Methods of Execution

There are nine common methods of execution which include: hanging, shooting by firing squad, shooting, beheading, lethal injection, stoning, gas chamber, electrocution, and falling from an unknown height.  The most common method authorized by law is hanging, with sixty countries authorizing this practice, while the least common methods include electrocution, gas chamber, and falling from an unknown height.  The United States is the only country to authorize both electrocution and gas chamber and Iran is the only country to authorize pushing individuals from an unknown height.  Additionally, the method of execution for Maldives is unknown and Sudan uses a method which calls for retributive sentences to be carried out in the same manner in which the offender caused death.

The countries that authorize hanging as a method of execution include: Afghanistan, Antigua & Barbuda, Bahamas, Bangladesh, Barbados, Belize, Botswana, Brunei, Cameroon, Democratic Republic of the Congo, Dominica, Egypt, Equatorial Guinea, Eritrea, Gambia, Ghana, Grenada, Guyana, India, Iran, Iraq, Jamaica, Japan, Jordan, Kenya, Kuwait, Lebanon, Lesotho, Liberia, Malawi, Malaysia, Myanmar/Burma, Nigeria, North Korea, Oman, Pakistan, Palestine, Papua New Guinea, Qatar, Saint Kitts and Nevis, Saint Lucia, Saint Vincent and the Grenadines, Sierra Leone, Singapore, South Korea, South Sudan, Sri Lanka, Sudan, Swaziland, Syria, Tanzania, Tonga, Trinidad and Tobago, Tunisia, Uganda, United States, Zambia, and Zimbabwe. The Democratic Republic of the Congo specifies that they use hanging only in military courts, but the president has the power to designate the method of execution.  Equatorial Guinea, Iraq, Lebanon, Syria, and Uganda indicate that they only use hanging for offenses tried in civilian courts and India is the only country to specify that they use hanging for offenses tried in both civilian and military courts.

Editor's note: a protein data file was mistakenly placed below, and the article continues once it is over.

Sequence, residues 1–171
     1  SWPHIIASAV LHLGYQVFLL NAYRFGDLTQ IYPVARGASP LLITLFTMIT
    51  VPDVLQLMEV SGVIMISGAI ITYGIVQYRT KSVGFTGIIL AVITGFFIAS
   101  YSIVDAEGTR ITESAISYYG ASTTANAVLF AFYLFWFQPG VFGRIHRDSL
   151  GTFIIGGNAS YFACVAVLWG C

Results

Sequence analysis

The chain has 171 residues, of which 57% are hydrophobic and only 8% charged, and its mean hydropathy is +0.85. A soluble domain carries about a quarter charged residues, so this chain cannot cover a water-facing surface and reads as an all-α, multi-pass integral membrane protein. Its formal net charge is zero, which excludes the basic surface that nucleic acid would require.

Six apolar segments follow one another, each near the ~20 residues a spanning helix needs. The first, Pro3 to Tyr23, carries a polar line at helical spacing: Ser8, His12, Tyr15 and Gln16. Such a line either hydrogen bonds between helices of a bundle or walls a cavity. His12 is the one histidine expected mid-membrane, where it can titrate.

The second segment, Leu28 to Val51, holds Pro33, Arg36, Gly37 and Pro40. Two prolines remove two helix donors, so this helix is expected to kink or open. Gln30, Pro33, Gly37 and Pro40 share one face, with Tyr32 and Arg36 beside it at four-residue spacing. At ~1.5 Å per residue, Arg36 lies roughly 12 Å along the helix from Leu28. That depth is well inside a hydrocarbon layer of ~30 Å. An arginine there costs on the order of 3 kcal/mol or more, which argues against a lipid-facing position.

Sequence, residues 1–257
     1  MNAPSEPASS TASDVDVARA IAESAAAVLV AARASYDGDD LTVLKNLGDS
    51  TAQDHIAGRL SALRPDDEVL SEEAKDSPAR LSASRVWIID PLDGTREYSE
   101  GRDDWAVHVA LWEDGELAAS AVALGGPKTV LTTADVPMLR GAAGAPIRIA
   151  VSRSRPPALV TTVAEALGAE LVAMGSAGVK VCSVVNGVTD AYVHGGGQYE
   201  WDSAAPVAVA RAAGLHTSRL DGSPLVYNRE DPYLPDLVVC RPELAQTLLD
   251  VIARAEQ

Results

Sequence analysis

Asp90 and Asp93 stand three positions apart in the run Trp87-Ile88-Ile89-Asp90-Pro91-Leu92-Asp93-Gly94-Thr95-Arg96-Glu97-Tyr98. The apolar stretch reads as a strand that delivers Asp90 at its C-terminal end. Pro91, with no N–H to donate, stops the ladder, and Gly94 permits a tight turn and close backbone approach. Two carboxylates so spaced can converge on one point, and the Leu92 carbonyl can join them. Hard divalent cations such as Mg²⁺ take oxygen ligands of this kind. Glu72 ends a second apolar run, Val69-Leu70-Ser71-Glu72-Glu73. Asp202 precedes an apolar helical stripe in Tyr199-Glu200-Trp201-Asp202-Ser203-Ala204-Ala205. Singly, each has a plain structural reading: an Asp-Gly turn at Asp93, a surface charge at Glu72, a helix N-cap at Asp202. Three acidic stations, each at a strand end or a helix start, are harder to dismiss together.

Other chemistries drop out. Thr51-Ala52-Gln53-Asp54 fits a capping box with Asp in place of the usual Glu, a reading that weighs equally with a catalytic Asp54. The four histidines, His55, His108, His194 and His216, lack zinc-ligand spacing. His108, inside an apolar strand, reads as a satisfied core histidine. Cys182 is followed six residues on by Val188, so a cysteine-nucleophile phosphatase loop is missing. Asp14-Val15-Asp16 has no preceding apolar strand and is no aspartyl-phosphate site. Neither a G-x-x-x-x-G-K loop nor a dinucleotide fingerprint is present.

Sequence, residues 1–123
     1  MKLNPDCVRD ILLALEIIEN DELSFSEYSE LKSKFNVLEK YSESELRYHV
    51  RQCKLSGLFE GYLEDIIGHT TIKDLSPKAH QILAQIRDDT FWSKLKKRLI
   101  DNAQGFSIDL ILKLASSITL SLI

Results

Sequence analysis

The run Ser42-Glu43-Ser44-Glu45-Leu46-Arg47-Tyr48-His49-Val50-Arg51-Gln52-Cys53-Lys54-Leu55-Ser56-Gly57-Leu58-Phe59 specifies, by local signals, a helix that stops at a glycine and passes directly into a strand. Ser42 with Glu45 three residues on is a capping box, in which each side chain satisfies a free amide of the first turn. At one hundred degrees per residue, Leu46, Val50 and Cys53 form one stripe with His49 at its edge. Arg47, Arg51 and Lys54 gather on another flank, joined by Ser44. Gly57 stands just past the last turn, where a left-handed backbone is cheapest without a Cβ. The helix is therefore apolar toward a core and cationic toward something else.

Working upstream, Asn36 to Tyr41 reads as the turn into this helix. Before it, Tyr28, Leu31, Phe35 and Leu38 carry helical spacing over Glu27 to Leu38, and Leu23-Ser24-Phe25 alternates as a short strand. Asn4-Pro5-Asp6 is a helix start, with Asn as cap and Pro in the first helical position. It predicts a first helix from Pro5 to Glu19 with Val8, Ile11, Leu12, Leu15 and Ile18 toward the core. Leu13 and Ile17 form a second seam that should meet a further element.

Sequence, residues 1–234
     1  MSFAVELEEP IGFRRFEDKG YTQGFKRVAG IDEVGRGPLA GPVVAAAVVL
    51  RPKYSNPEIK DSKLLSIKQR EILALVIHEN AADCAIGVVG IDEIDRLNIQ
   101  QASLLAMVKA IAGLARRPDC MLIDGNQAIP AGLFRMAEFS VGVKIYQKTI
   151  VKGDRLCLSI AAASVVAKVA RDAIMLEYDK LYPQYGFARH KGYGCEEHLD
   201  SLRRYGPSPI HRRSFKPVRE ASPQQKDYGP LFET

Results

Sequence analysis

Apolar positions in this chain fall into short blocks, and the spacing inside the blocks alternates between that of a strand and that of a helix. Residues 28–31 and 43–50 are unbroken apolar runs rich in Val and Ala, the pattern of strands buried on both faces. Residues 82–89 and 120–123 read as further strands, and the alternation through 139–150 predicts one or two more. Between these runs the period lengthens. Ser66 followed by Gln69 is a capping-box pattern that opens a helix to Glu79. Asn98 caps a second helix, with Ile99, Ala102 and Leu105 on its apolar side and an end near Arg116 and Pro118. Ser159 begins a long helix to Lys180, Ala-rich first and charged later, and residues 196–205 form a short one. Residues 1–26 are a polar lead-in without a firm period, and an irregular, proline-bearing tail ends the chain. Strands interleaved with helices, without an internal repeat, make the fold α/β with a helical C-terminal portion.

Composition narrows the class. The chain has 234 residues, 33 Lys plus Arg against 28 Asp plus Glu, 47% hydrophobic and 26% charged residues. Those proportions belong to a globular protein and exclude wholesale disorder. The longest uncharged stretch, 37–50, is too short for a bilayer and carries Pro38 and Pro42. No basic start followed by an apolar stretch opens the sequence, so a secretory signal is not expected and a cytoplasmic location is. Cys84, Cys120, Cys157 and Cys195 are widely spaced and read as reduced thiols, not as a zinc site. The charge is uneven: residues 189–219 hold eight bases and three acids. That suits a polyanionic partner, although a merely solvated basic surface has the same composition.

There are twenty-eight countries that authorize shooting by firing squad as a method of execution and twenty-two more that authorize shooting.  Many countries do not clarify the distinction between shooting by firing squad and shooting, but some countries indicate that shooting by firing squad includes multiple shots fired by multiple people while shooting includes a single shot to the back of the head.  The countries which employ shooting by firing squad include: Afghanistan, Algeria, Bahrain, Burkina Faso, Cameroon, Central African Republic, Chad, Comoros, Cuba, Equatorial Guinea, Ethiopia, Ghana, Indonesia, Kuwait, Lebanon, Libya, Mali, Mauritania, Niger, Nigeria, Palestine, Sierra Leone, South Korea, Uganda, United Arab Emirates, United States, and Vietnam. Equatorial Guinea, Lebanon, and Uganda indicate that this method is only used for offenses tried in military courts.  The countries that use shooting include: Bangladesh, Belarus, Democratic Republic of the Congo, Eritrea, Guinea, India, Iran, Iraq, Jordan, Laos, Mauritania, Morocco, North Korea, Qatar, Russia, Somalia, Syria, Taiwan, Tajikistan, Tunisia, and Yemen. The Democratic Republic of the Congo indicates that this practice is only to be used for offenses committed in civilian courts, but the president has the power to designate the method of execution.  Additionally, India and Syria indicate that this method of execution is only to be used for offenses tried in military courts while Iraq states that shooting could potentially be used as a means of execution.